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# Laplace distribution

In probability theory and statistics, the Laplace distribution is a continuous probability distribution named after Pierre-Simon Laplace. It is also known as the double exponential distribution, because it can be thought of as two exponential distributions (with an additional location parameter) spliced together back-to-back. The difference between two independent identically distributed exponential random variables is governed by a Laplace distribution.

## Distribution, density, and quantile function

A random variable has a Laplace(μ, b) distribution if its probability density function is

$f(x) = \frac{1}{2b} \exp-\frac{|x-\mu|}{b}\,\!$
$= \frac{1}{2b} \left\{\begin{matrix} \exp-\frac{\mu-x}{b} & \mbox{if }x < \mu \\[8pt] \exp-\frac{x-\mu}{b} & \mbox{if }x \geq \mu \end{matrix}\right.$

Here, μ is a location parameter and b > 0 is a scale parameter. If μ = 0, the positive half-line is exactly an exponential distribution scaled by 1/2.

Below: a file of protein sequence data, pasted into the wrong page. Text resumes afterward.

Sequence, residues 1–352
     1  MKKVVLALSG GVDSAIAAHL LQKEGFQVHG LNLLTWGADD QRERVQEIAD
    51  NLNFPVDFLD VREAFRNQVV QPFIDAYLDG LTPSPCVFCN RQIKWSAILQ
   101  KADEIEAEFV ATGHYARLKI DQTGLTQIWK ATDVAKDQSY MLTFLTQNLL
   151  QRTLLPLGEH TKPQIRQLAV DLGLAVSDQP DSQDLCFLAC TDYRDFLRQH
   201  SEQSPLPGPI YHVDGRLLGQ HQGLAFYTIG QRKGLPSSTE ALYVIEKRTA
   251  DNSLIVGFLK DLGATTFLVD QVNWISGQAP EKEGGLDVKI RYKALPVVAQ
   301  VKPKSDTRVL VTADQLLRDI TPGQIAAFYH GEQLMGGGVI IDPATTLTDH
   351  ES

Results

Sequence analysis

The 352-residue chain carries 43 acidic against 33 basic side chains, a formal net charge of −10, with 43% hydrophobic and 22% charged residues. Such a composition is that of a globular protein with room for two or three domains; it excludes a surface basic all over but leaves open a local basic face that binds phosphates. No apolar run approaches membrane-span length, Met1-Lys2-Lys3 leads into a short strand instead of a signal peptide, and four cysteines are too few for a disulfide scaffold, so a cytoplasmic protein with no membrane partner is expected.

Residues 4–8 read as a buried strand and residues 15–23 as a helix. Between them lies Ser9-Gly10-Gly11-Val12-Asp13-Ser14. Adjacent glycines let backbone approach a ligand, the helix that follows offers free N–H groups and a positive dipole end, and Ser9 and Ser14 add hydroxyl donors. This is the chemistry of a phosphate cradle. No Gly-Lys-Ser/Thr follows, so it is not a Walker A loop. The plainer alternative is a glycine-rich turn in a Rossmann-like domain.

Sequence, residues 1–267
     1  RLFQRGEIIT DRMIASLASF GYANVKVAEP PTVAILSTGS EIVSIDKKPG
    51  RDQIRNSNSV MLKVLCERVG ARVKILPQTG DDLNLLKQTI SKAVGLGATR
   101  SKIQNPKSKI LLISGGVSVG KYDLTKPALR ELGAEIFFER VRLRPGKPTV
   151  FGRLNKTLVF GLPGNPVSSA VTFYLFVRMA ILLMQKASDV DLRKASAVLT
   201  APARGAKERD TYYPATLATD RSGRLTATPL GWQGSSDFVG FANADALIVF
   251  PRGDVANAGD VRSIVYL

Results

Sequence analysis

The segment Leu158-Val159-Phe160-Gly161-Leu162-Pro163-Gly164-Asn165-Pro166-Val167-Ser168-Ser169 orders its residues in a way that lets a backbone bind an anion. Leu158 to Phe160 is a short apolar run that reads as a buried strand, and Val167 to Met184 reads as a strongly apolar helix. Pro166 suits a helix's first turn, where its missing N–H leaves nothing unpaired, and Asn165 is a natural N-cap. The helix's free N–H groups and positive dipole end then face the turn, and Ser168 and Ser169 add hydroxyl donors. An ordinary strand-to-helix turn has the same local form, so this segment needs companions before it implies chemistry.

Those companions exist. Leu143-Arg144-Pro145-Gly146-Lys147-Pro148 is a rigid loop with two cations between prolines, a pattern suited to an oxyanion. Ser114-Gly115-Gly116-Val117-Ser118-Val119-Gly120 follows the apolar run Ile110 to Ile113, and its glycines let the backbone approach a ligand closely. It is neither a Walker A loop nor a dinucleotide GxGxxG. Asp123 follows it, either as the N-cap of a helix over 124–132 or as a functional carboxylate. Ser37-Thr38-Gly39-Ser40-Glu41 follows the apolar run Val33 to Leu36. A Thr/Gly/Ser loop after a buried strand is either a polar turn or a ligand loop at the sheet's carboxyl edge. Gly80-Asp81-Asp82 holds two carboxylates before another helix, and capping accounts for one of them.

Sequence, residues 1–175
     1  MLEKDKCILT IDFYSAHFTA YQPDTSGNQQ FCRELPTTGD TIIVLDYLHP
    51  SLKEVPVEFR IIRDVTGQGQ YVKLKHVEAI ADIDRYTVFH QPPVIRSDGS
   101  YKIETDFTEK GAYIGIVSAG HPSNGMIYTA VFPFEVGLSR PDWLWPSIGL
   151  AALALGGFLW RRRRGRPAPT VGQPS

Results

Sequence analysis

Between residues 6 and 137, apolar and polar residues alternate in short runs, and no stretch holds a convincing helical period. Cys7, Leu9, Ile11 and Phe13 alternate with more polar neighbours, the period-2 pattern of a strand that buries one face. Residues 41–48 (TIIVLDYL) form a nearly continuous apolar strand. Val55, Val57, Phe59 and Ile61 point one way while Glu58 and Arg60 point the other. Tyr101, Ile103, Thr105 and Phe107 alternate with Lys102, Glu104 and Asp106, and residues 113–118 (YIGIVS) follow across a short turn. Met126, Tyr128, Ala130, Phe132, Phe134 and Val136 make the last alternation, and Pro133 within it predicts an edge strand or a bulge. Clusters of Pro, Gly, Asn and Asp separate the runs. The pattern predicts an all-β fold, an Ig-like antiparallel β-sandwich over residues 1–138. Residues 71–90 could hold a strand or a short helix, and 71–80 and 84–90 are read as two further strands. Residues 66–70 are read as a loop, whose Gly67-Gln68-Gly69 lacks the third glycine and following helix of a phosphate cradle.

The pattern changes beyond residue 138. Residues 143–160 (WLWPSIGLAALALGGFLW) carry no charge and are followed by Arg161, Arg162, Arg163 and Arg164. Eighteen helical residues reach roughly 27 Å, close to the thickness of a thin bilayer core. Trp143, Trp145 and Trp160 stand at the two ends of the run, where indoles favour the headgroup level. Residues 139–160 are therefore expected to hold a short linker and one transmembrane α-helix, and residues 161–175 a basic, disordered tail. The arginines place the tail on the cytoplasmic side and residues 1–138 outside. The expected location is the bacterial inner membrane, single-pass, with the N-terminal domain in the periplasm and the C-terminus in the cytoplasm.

The pdf of the Laplace distribution is also reminiscent of the normal distribution; however, whereas the normal distribution is expressed in terms of the squared difference from the mean μ, the Laplace density is expressed in terms of the absolute difference from the mean. Consequently the Laplace distribution has fatter tails than the normal distribution.

The Laplace distribution is easy to integrate, if one distinguishes two symmetric cases, due to the use of the absolute value function. Its cumulative distribution function is as follows:

 F(x) $= \int_0^x \!\!f(u)\,\mathrm{d}u$ $= \left\{\begin{matrix} &\frac12 \exp-\frac{\mu-x}{b} & \mbox{if }x < \mu \\[8pt] 1-\!\!\!\!&\frac12 \exp-\frac{x-\mu}{b} & \mbox{if }x \geq \mu \end{matrix}\right.$ $=0.5\,[1 + \sgn(x-\mu)\,(1-\exp(-|x-\mu|/b))]$

The inverse cumulative distribution function is given by

$F^{-1}(p) = \mu - b\,\sgn(p-0.5)\,\ln(1 - 2|p-0.5|)$

## Variates

A Laplace(0, b) variate can be generated as the difference of two i.i.d. Exponential(1/b) variates. Equivalently, a Laplace(0, 1) variate can be generated as the logarithm of the ratio of two iid uniform variates.

Last updated: 05-31-2005 21:53:46
03-10-2013 05:06:04